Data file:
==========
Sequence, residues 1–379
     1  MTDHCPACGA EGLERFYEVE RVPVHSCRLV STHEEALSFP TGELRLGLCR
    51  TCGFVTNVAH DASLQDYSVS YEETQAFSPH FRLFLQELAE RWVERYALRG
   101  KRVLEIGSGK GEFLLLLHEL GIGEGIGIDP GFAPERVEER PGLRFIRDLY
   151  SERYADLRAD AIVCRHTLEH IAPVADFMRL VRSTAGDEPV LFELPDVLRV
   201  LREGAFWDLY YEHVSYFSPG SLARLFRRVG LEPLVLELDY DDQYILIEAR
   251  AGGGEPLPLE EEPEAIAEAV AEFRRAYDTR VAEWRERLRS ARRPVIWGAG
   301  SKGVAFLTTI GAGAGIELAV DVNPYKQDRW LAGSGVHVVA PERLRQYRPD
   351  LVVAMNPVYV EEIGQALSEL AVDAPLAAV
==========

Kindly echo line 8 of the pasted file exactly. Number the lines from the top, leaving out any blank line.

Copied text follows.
   301  SKGVAFLTTI GAGAGIELAV DVNPYKQDRW LAGSGVHVVA PERLRQYRPD